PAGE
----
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Liverpool Daily report

IRONIC that it should be goals which nudged Liverpool ahead of Chelsea into the Promised Land of a Champions League spot last night.

For only a lack of them in recent weeks has prevented Gerard Houllier's side from exerting a vice-like grip on third place and making his players favourites to clinch a reward deemed totally unrealistic but a few short months ago.

As it is, the Frenchman was left to rue more missed chances as Aston Villa succeeded in following Sunderland's footsteps at the weekend by leaving Anfield with a point which simply should not have been available to them.

Liverpool's recent carelessness in front of goal - typified in this instance by Michael Owen's 31st-minute penalty miss - has now seen a haul equivalent to two wins slip through their fingers.

Perhaps more worrying for Houllier will have been his team's inability to break down a watertight Villa rearguard long before the game eventually fell tamely to its knees and refused to get back up.

There was the usual perspiration, which has become a prerequisite as the new Liverpool unfolds bit by bit, but the inspiration embellishing that foundation in recent weeks was lost after an hour and never found again.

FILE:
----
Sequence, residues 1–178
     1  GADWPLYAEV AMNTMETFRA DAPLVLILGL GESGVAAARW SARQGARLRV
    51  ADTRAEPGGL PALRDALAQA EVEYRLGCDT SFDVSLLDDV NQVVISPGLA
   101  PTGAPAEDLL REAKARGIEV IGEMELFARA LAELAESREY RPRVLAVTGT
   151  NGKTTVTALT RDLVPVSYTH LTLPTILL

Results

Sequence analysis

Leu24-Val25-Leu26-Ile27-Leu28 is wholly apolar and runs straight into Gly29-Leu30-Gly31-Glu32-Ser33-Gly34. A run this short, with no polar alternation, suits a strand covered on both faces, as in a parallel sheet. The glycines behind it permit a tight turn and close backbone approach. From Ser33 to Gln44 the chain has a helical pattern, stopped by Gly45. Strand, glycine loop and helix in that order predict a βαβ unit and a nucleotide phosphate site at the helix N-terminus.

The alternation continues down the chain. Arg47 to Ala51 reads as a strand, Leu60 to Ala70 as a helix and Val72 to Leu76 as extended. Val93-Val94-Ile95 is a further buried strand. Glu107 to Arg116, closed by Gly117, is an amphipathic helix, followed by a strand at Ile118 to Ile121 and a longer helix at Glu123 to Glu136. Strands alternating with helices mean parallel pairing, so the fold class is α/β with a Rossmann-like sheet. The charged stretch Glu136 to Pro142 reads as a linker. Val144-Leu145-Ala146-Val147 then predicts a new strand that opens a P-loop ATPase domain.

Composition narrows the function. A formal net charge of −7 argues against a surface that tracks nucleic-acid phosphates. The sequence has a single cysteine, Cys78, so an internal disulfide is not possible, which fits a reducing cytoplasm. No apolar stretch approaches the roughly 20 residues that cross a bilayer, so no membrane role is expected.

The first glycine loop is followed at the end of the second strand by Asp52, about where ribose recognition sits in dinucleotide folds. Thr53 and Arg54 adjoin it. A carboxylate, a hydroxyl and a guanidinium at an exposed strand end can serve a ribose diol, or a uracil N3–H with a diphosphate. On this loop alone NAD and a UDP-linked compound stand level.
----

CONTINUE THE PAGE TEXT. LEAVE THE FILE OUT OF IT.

Yet it should not have been an evening of 'if onlys' and for supporters to reflect on what might have been.

Houllier offered a first glimpse of what many will regard - although Robbie Fowler would undoubtedly disagree - as his striking 'dream-team' with Owen deemed fit enough to partner Emile Heskey in attack.

And both forwards should have found their way onto the scoresheet in a first-half which promised much, but ultimately delivered little.

As his manager eloquently explained in the pre-match build-up, it will take time to curb Heskey's natural urges to forage down the flanks and ask him to inhabit the penalty area more frequently in a bid to improve a scoring ratio which hangs around his neck like a millstone at present.

There were occasions when he visibly tried to do just that, while as early as the fourth minute he could have claimed his first goal for his new club.